I like Facebook. Google Reader is my go-to time-waster now, but I can still count on it to learn something new anytime I log on. Sometimes it's something innocuous like a new boyfriend or a change of jobs, but every once in awhile, it's a display of misguided indignation from a group of otherwise rational people.
Today I was alerted that no fewer than 20 of my friends have joined Facebook groups protesting the renaming of the Sears Tower. It's mystifying on a number of levels, not the least of which is the fact that the Sears Tower isn't going anywhere. There will be a new name, yes, but the building itself will remain. The drive into the city isn't going to be any less picturesque, and I imagine the sightseeing trips to the top will continue in earnest.
Instantly, comparisons are made to U.S. Cellular's purchase of Comiskey's naming rights and Macy's's (pretty sure that's grammatically correct) buyout of the old Marshall Field's. Neither affected me personally, but I understood. Generation after generation of Chicago families made their pilgrimages to these places an annual rite.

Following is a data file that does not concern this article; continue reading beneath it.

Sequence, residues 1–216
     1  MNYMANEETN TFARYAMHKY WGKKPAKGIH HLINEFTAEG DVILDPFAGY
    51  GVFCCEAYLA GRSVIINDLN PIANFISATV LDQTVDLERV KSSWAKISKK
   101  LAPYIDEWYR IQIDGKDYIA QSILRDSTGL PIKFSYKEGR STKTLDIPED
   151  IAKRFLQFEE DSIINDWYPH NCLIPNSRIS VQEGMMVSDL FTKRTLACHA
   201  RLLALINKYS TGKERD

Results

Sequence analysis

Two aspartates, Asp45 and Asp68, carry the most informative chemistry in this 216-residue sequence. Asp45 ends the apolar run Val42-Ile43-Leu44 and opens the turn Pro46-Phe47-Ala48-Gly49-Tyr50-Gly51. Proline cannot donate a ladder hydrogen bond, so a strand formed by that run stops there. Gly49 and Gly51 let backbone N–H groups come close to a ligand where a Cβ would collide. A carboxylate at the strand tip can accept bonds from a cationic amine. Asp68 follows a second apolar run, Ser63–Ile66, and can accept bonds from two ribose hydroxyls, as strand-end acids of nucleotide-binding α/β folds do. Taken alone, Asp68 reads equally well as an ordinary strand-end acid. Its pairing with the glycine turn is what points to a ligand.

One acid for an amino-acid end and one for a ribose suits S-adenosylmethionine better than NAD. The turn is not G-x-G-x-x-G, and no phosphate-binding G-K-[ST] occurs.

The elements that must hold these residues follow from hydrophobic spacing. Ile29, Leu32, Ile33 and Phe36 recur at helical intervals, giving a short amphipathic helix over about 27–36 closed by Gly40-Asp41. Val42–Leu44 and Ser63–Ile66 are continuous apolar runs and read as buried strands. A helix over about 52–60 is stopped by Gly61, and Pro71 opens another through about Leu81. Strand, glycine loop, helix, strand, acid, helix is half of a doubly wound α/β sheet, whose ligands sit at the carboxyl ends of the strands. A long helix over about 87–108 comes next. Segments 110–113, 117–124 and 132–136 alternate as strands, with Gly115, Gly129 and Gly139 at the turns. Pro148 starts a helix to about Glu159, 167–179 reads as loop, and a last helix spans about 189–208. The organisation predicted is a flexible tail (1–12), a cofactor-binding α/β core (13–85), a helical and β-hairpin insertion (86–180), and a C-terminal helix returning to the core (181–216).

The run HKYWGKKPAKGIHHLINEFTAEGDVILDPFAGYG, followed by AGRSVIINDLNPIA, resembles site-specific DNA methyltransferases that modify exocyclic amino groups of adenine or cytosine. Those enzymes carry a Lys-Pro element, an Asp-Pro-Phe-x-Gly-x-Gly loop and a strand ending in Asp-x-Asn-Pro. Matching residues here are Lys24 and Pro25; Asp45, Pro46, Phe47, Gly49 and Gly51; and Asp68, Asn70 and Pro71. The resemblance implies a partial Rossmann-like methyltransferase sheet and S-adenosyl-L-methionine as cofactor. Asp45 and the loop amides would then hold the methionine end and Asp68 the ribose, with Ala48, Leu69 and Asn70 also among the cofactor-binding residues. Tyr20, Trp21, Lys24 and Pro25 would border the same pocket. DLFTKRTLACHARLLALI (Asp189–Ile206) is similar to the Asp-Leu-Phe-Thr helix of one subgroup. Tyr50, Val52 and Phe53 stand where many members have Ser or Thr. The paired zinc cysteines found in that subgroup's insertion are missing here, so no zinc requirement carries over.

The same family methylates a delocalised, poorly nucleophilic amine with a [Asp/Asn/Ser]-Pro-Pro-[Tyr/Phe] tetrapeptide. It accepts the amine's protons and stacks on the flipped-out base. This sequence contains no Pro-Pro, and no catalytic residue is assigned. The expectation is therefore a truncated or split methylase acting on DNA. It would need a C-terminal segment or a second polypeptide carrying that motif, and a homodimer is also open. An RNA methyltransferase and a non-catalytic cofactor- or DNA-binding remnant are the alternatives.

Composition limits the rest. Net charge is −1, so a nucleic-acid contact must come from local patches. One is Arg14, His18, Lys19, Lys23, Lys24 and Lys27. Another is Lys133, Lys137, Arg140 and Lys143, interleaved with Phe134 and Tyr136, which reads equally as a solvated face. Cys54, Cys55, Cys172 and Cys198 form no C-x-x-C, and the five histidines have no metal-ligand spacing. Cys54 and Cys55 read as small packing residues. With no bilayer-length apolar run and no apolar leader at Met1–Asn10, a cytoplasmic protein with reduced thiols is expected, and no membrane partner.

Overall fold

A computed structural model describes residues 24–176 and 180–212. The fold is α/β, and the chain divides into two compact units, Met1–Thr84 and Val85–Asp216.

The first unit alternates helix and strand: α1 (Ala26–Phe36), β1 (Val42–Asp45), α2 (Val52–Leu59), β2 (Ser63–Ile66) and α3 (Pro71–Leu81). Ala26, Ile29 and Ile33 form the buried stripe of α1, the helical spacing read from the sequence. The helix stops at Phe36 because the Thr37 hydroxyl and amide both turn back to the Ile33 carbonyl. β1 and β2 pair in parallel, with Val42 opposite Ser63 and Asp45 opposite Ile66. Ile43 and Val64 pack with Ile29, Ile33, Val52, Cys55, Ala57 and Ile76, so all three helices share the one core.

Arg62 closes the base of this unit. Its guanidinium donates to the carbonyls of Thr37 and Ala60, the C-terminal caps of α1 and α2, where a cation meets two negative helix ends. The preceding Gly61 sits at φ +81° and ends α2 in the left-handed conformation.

There's probably an unflattering societal commentary in there somewhere, but it's beside the point - as we make memories in these places, they become friends. We personify them; we grow protective.
In part, that's why any indignation over the Sears Tower change - feigned or otherwise - makes so little sense. Though it's been North America's tallest building since its construction in 1974, it's the three-legged man of Chicago attractions - you give him a look, but he's not exactly practicing alchemy or perfecting interstellar travel, so you move on. There's nothing inherently fascinating about the building, so once we've gone up and snapped a few photographs, what more is there? Come back next Sunday?
The other aspect of this that's so bothersome is the sector of the populace that really takes these things as a personal affront. If/when the Ricketts family decides it's time to put Wrigley's naming rights on the block, I won't greet the news with the self-righteous anger that comes all too easily to some in situations like this. All things being equal, the Wrigley name is preferable; at the same time, the Ricketts family is very, very wealthy, and they didn't get that way by leaving money on the table. The same holds true here as, contrary to what public outcry insinuates, those holding stake in the Tower don't run a charity.